A pioneer of Body art, Kirsten Justesen is best-known for her feminist performances and sculptures that center on her nude body and address issues of gender, politics, physics, and time.
She graduated from the Royal Danish Academy of Fine Arts in 1975 with a degree in classical sculpture yet always pushed beyond the conventional idea of sculpture as a static and permanent form. She notes, “You have the body, the icon of sculpture in all its long tradition on the plinth. I started exploring the space around, formulating dimensional pieces that are not only the sculpture/body but the actions, positions, and decisions that you can play with.”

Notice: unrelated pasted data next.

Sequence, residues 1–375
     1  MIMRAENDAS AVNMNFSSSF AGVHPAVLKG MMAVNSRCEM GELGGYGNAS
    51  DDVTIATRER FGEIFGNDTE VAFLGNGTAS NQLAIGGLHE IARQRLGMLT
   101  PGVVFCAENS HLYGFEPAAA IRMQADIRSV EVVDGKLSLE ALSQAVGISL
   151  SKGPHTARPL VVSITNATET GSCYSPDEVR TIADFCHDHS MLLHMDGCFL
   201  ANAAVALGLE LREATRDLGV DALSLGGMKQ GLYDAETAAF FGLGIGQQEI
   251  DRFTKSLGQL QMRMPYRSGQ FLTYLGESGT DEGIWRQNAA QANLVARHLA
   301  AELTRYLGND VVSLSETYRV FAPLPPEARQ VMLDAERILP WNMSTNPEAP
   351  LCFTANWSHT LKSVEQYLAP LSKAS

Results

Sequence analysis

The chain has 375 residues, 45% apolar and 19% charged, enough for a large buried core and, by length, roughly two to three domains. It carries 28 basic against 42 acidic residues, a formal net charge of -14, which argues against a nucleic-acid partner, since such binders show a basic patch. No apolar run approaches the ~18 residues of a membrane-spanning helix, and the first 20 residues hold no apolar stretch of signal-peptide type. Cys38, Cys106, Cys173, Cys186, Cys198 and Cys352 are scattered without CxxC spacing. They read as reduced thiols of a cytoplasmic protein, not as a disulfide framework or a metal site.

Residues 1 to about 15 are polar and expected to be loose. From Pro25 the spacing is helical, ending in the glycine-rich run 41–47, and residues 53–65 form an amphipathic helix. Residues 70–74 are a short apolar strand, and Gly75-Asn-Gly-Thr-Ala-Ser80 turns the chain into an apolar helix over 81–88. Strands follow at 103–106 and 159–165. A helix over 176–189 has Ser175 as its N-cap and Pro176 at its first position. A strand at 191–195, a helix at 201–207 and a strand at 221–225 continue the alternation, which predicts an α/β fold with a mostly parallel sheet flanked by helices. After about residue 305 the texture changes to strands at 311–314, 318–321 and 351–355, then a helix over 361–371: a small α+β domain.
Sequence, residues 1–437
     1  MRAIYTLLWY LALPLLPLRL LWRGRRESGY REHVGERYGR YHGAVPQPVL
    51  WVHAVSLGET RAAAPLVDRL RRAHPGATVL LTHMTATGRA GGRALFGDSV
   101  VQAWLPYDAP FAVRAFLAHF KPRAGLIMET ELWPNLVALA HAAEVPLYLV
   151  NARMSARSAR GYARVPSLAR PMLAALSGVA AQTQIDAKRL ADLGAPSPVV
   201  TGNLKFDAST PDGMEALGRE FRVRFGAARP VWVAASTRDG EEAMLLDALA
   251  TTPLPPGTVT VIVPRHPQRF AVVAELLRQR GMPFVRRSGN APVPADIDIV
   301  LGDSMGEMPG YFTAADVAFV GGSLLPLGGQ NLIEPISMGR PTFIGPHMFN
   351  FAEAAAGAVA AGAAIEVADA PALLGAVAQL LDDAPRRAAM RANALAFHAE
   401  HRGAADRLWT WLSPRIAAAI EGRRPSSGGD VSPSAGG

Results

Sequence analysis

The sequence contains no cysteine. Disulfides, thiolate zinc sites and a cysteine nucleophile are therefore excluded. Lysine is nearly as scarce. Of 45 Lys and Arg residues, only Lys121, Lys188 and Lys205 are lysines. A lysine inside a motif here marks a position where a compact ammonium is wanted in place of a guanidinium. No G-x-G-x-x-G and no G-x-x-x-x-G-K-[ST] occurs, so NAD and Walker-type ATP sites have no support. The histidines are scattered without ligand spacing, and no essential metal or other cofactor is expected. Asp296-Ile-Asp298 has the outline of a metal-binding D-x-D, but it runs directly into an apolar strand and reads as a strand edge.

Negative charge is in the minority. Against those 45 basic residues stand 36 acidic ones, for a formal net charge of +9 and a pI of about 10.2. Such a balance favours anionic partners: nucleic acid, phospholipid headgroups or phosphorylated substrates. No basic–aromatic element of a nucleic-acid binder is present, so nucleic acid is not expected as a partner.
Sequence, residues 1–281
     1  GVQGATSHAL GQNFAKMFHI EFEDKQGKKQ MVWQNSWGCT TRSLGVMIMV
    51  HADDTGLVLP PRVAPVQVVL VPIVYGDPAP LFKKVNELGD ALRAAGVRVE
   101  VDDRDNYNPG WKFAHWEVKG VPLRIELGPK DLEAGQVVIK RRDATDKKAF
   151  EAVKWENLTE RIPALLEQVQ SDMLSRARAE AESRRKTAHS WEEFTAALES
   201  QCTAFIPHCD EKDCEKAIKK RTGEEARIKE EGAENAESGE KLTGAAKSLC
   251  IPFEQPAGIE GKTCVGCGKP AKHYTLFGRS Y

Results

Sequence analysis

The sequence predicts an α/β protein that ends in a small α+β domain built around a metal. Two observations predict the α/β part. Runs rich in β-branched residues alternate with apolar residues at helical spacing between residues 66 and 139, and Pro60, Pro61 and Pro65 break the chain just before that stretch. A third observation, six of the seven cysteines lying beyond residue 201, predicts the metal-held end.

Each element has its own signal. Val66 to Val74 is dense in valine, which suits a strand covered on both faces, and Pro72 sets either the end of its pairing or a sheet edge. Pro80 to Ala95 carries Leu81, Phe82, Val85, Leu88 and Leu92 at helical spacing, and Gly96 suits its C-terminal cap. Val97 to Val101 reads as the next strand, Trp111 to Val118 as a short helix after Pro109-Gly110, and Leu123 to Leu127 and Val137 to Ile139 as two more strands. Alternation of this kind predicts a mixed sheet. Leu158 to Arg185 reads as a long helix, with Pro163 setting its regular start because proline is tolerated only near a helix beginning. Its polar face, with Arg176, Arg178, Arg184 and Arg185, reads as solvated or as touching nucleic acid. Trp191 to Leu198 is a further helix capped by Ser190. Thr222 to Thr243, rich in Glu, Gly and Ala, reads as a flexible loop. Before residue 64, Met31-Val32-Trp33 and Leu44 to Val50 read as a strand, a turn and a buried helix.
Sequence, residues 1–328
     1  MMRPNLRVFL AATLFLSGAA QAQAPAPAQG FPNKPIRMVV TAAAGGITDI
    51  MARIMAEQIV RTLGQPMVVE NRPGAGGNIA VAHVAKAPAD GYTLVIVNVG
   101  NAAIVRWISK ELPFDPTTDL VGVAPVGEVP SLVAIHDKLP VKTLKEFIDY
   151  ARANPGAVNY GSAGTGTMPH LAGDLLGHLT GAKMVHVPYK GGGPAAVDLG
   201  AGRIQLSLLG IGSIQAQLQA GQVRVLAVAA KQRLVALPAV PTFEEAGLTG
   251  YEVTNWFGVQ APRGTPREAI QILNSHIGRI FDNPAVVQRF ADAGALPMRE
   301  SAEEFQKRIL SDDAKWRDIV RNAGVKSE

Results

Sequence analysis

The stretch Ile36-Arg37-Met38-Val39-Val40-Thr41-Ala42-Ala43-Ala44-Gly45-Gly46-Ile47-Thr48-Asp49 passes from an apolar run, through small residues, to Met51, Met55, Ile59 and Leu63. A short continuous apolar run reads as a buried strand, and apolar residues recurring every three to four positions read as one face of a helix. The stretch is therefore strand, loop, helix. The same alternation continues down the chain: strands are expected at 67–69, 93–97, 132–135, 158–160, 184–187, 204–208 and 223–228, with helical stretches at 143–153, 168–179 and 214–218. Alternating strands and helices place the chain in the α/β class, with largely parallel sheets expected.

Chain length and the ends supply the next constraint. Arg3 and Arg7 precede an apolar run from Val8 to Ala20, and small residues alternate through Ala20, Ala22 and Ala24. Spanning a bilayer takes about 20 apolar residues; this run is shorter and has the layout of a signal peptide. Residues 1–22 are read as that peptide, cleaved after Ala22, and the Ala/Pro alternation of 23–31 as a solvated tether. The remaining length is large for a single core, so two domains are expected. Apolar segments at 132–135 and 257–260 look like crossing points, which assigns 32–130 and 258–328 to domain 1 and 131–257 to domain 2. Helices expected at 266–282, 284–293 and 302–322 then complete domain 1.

In her performances (and the photographs she makes to record them), Justesen does not appear as the passive model historically depicted by male artists. Rather, she dances, paints, runs a vacuum cleaner, moves slabs of ice, and climbs through rugged landscapes.
Justesen often incorporates ice as an artistic element, as it is an apt metaphor for the processes and changes to which the body is subject. More recent works, including Portræt I Arkiv Med Samling (2013), also in NMWA’s collection, investigate relationships between the body, space, and language. In addition to sculpture and performances, Justesen’s artistic production includes photography, video, and scenography.